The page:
That’s fine with me, I explain to Mr Schinas.
******* The EU president orders some espressos and inquires how are things in Ireland. Before I have a chance to speak about the upturn, the housing crisis, Mayo’s chances against Dublin and Kerry’s poor fortune this year, he goes into full flow on his respect for the Irish.
It’s followed by a performance review of his Agriculture Minister. “Phil [Hogan] is an excellent commissioner,” says Jean-Claude.
“He has a good reputation inside the college [and] outside the Commission, so Ireland was right to propose him as an Irish commissioner. I like him very, very much. [When] I’m giving him the floor in the Commission, I’m always saying: ‘First Farmer you have the floor.’ He’s a good friend,” the president confides.
Well, that’s a handy endorsement for the ‘First Farmer’ coming into Ploughing Week.
******* I am anxious to quiz Mr Juncker on his tax proposals which, word has it, are being pressed by France and Germany — and which would spell disaster for Ireland’s corporate tax regime.
Many say the President was playing to the Franco-German axis with his speech references and is not that vehement about introducing the reform. His body language seems to endorse this view, as he goes into a narrative which says this won’t happen unless Ireland and others agree — and we all know that Ireland and others won’t agree.
“When it comes to taxation, because that was your question, I was proposing if the European Council did so, by unanimous decision, to change the voting rules in the European Union when it comes taxation.
“But if you have unanimity or qualified majority voting, this is not .... this does not mean that these things could be done without debate.”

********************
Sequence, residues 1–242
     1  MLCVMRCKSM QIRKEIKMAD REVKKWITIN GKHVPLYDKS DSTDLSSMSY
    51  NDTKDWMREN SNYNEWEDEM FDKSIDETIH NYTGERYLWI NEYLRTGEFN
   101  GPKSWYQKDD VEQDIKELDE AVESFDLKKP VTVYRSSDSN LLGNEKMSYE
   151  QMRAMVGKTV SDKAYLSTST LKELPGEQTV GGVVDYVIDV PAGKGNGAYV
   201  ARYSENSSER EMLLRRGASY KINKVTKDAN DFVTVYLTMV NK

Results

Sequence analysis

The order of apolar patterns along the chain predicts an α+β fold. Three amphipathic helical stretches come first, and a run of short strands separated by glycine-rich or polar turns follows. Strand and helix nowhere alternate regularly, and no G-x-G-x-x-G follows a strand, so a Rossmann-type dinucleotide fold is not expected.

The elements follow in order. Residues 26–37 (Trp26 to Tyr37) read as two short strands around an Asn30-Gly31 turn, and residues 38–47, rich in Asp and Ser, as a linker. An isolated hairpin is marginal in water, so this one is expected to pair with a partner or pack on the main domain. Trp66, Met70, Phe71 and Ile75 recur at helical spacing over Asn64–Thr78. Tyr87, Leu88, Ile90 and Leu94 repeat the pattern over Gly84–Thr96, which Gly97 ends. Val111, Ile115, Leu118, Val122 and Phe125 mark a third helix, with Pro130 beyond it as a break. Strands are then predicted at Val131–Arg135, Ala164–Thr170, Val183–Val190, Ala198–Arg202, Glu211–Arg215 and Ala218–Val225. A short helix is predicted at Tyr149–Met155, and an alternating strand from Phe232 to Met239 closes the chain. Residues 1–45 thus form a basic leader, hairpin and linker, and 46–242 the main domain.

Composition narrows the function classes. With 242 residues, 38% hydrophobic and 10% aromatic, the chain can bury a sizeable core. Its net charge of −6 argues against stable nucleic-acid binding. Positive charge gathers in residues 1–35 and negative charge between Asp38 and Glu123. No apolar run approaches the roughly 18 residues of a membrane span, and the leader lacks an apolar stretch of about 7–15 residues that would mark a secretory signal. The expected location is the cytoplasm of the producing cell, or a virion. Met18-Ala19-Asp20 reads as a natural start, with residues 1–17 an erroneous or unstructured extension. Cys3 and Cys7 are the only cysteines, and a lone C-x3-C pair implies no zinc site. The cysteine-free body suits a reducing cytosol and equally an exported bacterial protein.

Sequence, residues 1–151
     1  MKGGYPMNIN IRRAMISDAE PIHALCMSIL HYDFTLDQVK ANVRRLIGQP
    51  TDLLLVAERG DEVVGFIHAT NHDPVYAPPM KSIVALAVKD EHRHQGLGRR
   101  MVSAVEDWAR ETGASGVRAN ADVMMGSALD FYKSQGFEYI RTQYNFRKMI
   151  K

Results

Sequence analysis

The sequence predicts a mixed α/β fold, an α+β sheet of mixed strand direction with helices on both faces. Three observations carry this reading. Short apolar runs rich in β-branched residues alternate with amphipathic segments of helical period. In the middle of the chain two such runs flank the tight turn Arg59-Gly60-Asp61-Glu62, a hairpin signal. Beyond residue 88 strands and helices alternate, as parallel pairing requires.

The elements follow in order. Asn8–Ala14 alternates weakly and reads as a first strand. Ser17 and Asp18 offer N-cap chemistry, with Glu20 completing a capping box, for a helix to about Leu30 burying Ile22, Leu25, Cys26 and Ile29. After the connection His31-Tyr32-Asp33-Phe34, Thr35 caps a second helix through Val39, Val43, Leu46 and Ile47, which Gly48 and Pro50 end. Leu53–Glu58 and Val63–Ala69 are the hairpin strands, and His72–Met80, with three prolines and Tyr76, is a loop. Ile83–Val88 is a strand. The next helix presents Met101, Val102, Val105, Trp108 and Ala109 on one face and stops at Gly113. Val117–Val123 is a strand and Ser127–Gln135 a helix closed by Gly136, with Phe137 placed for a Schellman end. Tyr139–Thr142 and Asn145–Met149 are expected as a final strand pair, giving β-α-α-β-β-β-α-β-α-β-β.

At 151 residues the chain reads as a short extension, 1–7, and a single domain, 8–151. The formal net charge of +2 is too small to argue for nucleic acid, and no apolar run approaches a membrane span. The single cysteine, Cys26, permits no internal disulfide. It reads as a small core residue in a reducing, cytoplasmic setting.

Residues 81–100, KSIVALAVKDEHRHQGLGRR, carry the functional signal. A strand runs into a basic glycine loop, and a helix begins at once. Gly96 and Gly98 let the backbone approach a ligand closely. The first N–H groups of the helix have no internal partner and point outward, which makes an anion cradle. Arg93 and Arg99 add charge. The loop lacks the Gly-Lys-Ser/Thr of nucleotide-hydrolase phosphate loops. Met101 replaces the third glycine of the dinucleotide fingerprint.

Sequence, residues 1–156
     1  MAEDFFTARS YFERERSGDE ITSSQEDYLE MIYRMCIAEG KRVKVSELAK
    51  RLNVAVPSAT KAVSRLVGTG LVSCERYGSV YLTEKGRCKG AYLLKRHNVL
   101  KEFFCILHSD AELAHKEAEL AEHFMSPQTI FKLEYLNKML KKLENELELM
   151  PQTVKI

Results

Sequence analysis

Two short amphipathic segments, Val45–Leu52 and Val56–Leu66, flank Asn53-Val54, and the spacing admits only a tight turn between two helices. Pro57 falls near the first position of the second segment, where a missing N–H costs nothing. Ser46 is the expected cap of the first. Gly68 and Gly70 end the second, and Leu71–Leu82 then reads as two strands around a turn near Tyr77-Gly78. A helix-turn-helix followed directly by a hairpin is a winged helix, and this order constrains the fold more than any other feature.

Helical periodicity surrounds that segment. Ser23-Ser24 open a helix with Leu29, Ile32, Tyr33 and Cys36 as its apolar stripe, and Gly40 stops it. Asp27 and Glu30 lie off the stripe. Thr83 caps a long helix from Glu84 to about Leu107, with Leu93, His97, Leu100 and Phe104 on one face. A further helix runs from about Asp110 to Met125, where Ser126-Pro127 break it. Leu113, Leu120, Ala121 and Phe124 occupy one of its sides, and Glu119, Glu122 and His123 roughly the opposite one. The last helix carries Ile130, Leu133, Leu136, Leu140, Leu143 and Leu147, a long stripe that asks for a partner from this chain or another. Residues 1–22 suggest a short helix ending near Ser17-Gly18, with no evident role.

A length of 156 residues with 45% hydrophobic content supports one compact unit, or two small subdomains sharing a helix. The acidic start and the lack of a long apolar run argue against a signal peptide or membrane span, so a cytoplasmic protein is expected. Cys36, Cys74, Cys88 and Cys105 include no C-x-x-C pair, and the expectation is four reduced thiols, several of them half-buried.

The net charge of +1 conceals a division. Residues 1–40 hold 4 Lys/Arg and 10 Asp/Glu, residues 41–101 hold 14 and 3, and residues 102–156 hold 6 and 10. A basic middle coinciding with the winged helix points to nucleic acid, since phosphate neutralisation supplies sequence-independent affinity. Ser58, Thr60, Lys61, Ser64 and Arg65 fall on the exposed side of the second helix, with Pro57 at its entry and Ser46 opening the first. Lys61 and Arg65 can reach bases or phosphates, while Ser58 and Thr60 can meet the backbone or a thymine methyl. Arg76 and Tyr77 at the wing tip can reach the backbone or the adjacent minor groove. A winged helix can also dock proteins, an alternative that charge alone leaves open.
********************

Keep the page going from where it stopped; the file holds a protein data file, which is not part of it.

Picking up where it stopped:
Very much toned down from the State of the Union address. I try a cheeky probe. “Do you think the British will ever get their act together?” Jean-Claude is not biting. “I’m not in charge of Britain or London. I never was, by the way,” he dismisses.
******* Juncker gets his fair share of bad press, particularly in the UK. But there is a warmth to him that you don’t get with many politicians, especially at this level.
Speaking about the influx of refugees to Europe he displays his antipathy for the likes of Marine Le Pen and the Dutch right-wing. They are still a threat, he says despite not taking office.
Remember, Madame Le Pen got 13m votes and the Dutch right-wing are the second biggest party, he warns.
He says his views of migrants and their benefits to society were formed as a youngster. His father was a steel worker in Luxembourg and his co-workers were Italian migrants. Their children became his friends.
******* Back in the lobbies, many of the Europeans are surprised at a widespread perception the Irish are not making the best of Brexit. One Italian journalist points to how Luxembourg and Frankfurt are winning most of the banks.
“Why are you Irish not getting the banks. This is amazing. Did you see the Financial Times this morning? Emmanuel Macron has appointed one of his top ministers and his friend to win the banks from London to Paris,” he points out.
A Spanish colleague nods. “They are saying your central bank is not doing enough to get the banks. Why is this?” she asks me.
Certainly there is a latent view that Leo and the Central Bank Governor need to do more to lure Euro institutions to the regions and banks to Dublin.
Perhaps Leo will do a Macron by appointing a Brexit Minister and landing some big fish out of London. He’d better act fast though, there are only months left before the big decisions are made. He won’t be forgiven if we don’t get a Brexit bonus from relocations. As to Central Bank chief Mr Lane, I just don’t know.
******* As time comes to pack up for the day, I bump into Brian Hayes who is coming out of an RTE interview. He has adapted well to life in Europe and ponders there will be big things from the new Taoiseach.
I’m glad of his advice on getting to the airport in Paris. It’s no wonder everyone complains about getting to Strasbourg. There is no direct flight from Dublin. It was a flight into Frankfurt and then a two-hour car journey to the French town on the border on Tuesday night. Now follows two trains to Charles de Gaulle and then the late-night Aer Lingus shuttle home.
As I board the aircraft, I’m greeted by steward Michael who was on the Frankfurt flight last night.
When I mention this, he laughs and asks: “Was I in Germany last night?”
I’m glad I said “hello.” Before take off Michael plucks me from the back of the plane and finds a nice aisle/exit seat further up the plane. Where else would you get it?